6. Power and Status Differences: Hierarchical structures and power inequalities within an organization can lead to conflict. Different levels of authority or influence can lead to conflicts among individuals or groups regarding decision-making and control.
  7. Cultural Variations: Varied cultural heritages and values can result in misunderstandings and conflicts. Disparities in communication approaches, professional standards, and outlooks may pose obstacles in a diverse work environment.

Impact of Organizational Conflict

  1. Negative Impacts:
    • Reduced Productivity: Conflicts can distract employees and waste time that could be spent on productive activities, leading to reduced efficiency.
    • Decreased Morale: Persistent conflict can lower employee morale and job satisfaction, potentially increasing absenteeism and turnover.
    • Stress and Health Issues: Prolonged conflict can cause stress and negatively affect employees’ mental and physical health.
    • Impaired Collaboration: Conflicts can damage relationships and hinder teamwork, making it difficult for employees to collaborate effectively.
  2. Positive Impacts:
    • Innovation and Creativity: Constructive conflict can stimulate innovative thinking and problem-solving by encouraging the consideration of different perspectives.
    • Improved Decision-Making: When managed well, conflict can lead to better decision-making by challenging assumptions and exploring alternative solutions.
    • Personal and Professional Growth: Navigating conflicts can enhance individuals’ interpersonal skills, resilience, and adaptability, contributing to personal and professional development.
    • Clarification of Issues: Conflicts can bring underlying issues to the surface, allowing them to be addressed and resolved, ultimately leading to a clearer understanding of organizational dynamics.

Managing Organizational Conflict

1. Effective Communication: Promoting clear, open, and honest communication is essential in stopping and resolving conflicts. Encouraging active listening and ensuring that all points of view are heard can help reduce misunderstandings and foster a more harmonious work environment.

2. Conflict Resolution Training: Providing employees with training on conflict resolution techniques can equip them with the skills needed to handle disputes kindly. This can include training on negotiation, mediation, and effective communication approaches.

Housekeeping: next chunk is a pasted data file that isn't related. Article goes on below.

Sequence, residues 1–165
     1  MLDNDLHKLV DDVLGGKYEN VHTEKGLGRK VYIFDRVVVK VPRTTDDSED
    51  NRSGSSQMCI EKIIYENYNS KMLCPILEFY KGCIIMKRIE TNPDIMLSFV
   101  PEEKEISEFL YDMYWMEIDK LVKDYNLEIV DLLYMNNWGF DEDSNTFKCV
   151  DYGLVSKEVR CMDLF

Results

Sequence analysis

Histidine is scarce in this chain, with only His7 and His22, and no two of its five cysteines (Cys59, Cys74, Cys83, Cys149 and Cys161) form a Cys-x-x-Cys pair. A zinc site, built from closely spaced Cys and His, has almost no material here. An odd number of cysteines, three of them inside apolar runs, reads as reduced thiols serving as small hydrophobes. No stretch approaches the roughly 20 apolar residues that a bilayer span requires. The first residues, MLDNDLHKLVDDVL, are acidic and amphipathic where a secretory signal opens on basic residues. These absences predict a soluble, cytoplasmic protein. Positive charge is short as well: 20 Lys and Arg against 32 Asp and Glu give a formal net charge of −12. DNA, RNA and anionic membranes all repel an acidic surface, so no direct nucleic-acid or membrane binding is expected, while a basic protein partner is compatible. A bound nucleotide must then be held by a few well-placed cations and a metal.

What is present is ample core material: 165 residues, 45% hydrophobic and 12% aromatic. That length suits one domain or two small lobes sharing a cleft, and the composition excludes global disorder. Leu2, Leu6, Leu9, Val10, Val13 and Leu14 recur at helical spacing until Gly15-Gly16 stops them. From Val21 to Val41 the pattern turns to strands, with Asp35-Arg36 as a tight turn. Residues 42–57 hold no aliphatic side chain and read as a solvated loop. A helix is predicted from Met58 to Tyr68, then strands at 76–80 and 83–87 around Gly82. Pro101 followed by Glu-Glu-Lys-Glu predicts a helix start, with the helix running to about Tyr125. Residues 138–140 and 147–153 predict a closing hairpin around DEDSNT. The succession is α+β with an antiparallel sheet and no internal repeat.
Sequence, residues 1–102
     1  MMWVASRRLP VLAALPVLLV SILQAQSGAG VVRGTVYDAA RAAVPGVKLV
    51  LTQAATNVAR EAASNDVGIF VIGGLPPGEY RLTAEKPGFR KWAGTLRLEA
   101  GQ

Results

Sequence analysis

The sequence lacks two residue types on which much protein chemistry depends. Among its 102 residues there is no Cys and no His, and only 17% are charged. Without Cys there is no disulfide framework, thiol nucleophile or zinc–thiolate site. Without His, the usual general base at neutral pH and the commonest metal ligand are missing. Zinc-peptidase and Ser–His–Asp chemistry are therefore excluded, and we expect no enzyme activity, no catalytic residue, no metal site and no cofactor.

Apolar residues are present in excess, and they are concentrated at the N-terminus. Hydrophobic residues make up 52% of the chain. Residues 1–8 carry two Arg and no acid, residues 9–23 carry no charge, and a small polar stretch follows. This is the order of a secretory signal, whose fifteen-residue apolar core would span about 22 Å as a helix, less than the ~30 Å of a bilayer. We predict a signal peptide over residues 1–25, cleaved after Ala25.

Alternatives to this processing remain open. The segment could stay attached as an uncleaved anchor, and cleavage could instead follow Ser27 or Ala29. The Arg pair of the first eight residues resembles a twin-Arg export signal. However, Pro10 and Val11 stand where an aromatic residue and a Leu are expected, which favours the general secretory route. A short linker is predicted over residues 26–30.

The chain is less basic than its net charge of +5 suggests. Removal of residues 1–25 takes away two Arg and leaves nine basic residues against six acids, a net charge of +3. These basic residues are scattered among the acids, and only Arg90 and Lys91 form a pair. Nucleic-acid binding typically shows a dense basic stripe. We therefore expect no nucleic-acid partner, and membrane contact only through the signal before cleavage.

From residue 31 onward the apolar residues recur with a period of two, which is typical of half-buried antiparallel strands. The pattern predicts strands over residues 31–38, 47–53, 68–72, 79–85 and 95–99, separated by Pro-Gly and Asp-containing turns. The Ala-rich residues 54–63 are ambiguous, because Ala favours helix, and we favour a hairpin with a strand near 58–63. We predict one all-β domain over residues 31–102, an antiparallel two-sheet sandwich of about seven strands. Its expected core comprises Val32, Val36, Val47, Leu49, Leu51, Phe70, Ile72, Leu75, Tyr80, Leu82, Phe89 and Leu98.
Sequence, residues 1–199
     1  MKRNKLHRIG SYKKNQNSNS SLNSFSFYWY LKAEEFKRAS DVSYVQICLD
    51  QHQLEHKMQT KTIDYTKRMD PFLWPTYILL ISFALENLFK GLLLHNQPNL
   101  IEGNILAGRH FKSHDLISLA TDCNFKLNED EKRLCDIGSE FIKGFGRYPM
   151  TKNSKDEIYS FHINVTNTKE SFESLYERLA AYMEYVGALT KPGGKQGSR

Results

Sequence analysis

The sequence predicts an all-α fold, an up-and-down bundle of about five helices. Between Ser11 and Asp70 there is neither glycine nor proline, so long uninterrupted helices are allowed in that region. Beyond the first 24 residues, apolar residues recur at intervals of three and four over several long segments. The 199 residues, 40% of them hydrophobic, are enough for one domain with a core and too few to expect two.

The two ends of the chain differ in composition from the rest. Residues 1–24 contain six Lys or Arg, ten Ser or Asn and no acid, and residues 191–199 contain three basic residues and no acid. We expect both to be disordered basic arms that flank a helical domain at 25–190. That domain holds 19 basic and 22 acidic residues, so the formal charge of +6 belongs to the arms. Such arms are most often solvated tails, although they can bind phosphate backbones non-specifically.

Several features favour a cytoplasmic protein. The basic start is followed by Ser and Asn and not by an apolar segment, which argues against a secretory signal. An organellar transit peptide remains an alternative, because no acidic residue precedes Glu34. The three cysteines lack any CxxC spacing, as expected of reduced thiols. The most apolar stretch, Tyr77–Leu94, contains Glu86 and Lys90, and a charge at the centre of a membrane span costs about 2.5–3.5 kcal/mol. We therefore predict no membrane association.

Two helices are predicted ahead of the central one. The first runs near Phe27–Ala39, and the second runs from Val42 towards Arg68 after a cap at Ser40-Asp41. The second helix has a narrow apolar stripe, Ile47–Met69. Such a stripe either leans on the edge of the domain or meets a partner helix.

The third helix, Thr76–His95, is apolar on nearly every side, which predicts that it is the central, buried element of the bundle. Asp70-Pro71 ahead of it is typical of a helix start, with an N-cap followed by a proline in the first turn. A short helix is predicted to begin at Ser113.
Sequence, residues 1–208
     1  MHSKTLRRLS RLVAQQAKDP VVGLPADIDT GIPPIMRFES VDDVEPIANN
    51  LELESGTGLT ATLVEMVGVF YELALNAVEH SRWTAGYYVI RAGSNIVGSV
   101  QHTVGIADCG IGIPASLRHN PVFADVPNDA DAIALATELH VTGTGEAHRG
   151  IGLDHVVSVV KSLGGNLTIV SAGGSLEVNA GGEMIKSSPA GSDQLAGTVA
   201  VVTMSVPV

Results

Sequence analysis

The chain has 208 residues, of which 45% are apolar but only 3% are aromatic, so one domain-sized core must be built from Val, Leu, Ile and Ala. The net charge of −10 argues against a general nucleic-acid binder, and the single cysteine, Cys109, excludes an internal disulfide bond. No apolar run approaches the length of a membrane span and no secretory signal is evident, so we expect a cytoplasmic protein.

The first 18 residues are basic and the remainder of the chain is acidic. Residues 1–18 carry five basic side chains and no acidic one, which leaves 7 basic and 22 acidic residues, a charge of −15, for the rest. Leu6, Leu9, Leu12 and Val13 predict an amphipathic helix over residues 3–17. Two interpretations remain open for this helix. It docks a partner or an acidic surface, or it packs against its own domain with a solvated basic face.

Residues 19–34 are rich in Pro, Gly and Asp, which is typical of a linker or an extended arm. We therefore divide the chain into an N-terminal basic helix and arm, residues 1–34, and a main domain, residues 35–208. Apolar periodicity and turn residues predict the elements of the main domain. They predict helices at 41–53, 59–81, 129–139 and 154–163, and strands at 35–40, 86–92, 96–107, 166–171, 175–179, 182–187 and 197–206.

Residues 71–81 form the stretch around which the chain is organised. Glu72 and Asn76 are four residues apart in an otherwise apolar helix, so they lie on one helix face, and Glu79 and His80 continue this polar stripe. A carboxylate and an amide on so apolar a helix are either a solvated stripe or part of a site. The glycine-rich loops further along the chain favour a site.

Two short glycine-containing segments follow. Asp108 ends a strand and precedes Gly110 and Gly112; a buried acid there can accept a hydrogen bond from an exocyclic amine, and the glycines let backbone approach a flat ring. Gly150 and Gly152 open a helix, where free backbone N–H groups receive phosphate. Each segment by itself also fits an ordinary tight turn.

3. Mediation and Facilitation: Involving a neutral third party to negotiate or facilitate discussions can help resolve conflicts fairly and objectively. Mediators can assist in identifying underlying issues and guiding organizations toward mutually acceptable solutions.

4. Establishing Clear Roles and Responsibilities: Clearly defining roles, responsibilities, and expectations can reduce ambiguity and prevent conflicts related to task ownership and accountability. Ensuring that everyone understands their role and how it fits into the broader organizational context can minimize potential conflicts.

5. Encouraging Collaboration: Promoting a culture of collaboration and teamwork can lessen competition and foster positive relationships among employees. Encouraging team-building activities and collaborative problem-solving can help create a more united work environment.

6. Addressing Issues Early: Dealing with conflicts early, before they escalate, can prevent minor disagreements from becoming major conflicts. Proactively addressing issues and encouraging open dialogue can help clear up conflicts before they become entrenched.

7. Fostering a Positive Organizational Culture: Cultivating a culture of respect, trust, can minimize conflicts and create a supportive work environment. Promoting values such as empathy, fairness, and open communication can help avoid conflicts and enhance overall organizational harmony.


Organizational conflict is a natural aspect of the workplace, but it doesn’t necessarily have to be detrimental. By understanding the types and causes of conflict, and implementing effective management strategies, organizations can transform potential confusions into opportunities for growth and innovation. Embracing conflict as a natural element of organizational life can lead to stronger, more resilient teams and a more united work environment.


  • Robbins, S. P., & Judge, T. A. (2017). Organizational Behavior (17th ed.). Pearson.
  • Thomas, K. W. (1992). Conflict and Negotiation Processes in Organizations. In M. D. Dunnette & L. M. Hough (Eds.), Handbook of Industrial and Organizational Psychology (2nd ed., Vol. 3, pp. 651-717). Consulting Psychologists Press.
  • Jehn, K. A. (1997). A Qualitative Analysis of Conflict Types and Dimensions in Organizational Groups. Administrative Science Quarterly, 42(3), 530-557.
  • Rahim, M. A. (2002). Toward a Theory of Managing Organizational Conflict. International Journal of Conflict Management, 13(3), 206-235.

Sukanta Maiti

I am a Mechanical Engineer by profession, Blogger, and Youtuber by passion. I have been in the engineering field since 2014. I am passionate about sharing all my knowledge about engineering, management, and economics to my readers.